Title

Circulating vascular endothelial growth factor and the risk of cardiovascular events.

Document Type

Article

Publication Date

12-2016

Institution/Department

Cardiology

Journal Title

Heart (British Cardiac Society)

MeSH Headings

Aged, Biomarkers, Cardiovascular Diseases, Female, Humans, Incidence, Male, Massachusetts, Middle Aged, Multivariate Analysis, Nonlinear Dynamics, Predictive Value of Tests, Prognosis, Proportional Hazards Models, Prospective Studies, Risk Assessment, Risk Factors, Up-Regulation, Vascular Endothelial Growth Factor A

ISSN

1468-201X

Abstract

OBJECTIVE: To investigate the relation of circulating concentrations of vascular endothelial growth factor (VEGF) for the risk of developing cardiovascular disease (CVD) in a large community-based sample.

METHODS: We prospectively assessed the relation of circulating VEGF concentrations with the incidence of CVD among 3041 Framingham Heart Study participants (mean age 63.4±11.1 years, 59% women). Multivariable Cox proportional hazards models were estimated adjusting for standard risk factors to VEGF quartiles to incident CVD. Restricted cubic splines were used to examine the linearity of the association.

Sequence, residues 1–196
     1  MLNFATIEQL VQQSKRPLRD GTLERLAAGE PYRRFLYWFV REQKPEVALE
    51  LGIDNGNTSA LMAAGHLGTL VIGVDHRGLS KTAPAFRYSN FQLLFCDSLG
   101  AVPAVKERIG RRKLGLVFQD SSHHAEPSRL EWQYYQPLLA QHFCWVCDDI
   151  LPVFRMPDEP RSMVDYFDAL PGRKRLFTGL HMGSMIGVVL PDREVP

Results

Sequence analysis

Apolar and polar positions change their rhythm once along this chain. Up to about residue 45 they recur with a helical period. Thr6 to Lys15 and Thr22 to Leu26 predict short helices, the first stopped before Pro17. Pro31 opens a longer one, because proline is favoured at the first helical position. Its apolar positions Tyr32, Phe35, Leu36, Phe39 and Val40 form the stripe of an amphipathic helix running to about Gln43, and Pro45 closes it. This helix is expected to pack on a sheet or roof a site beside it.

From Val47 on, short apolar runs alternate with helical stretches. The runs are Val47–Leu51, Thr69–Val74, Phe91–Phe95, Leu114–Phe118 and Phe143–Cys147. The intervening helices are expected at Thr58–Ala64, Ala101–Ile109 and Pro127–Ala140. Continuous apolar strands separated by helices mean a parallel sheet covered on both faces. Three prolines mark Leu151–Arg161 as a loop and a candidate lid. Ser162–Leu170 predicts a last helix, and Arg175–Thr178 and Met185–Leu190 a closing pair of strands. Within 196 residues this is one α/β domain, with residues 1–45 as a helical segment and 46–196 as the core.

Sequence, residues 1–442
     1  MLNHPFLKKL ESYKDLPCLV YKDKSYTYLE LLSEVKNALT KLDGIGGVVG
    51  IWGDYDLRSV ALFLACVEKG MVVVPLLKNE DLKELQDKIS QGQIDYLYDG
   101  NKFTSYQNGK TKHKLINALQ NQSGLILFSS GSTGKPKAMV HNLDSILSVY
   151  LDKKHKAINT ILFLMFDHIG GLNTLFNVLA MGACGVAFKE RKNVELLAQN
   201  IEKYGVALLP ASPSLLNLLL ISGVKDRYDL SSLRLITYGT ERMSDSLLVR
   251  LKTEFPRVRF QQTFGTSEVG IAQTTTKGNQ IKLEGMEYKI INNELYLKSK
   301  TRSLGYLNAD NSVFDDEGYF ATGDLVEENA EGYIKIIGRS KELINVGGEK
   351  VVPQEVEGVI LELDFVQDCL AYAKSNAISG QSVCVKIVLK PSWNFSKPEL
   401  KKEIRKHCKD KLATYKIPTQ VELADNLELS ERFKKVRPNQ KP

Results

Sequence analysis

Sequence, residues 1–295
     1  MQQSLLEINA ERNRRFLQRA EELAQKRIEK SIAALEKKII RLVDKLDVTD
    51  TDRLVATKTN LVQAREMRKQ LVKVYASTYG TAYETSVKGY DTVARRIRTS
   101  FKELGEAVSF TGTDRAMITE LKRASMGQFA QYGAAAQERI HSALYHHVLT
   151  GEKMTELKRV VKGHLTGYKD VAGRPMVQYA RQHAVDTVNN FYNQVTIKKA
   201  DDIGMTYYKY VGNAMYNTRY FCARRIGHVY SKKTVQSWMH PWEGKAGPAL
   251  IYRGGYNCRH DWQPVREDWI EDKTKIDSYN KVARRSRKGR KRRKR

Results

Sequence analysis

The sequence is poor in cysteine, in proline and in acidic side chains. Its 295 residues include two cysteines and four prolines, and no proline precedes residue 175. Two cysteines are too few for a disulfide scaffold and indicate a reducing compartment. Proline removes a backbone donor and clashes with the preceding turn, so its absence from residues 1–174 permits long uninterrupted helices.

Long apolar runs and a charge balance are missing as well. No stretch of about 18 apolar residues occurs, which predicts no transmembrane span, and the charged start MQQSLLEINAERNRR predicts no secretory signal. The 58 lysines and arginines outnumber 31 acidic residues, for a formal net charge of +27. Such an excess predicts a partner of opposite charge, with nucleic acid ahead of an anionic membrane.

RESULTS: After a mean follow-up of 8.8 (±2.8) years, 527 individuals experienced a first CVD event. Compared with participants in the first VEGF quartile, individuals in the second VEGF quartile had a 34% increased risk for future CVD (HR 1.34, 95% CI 1.03 to 1.74; p value=0.03) and individuals in third quartile had a 59% higher risk (HR 1.59; 95% CI 1.23 to 2.05, p value=0.0003). Individuals in the highest VEGF quartile had a similar cardiovascular risk as compared with those in the lowest VEGF quartile (HR 1.18, 95% CI 0.91 to 1.53, p value=0.21). Evaluation of restricted cubic splines confirmed the nonlinear, inverted U-shaped relation of serum VEGF and CVD events (p

CONCLUSIONS: Circulating VEGF concentrations exhibit a complex non-linear (inverted U-shaped) relation with the risk of developing CVD events, with the lowest risk experienced at the lower and upper end of the distribution. The underlying pathophysiological mechanisms remain to be elucidated.

First Page

1898

Last Page

1901

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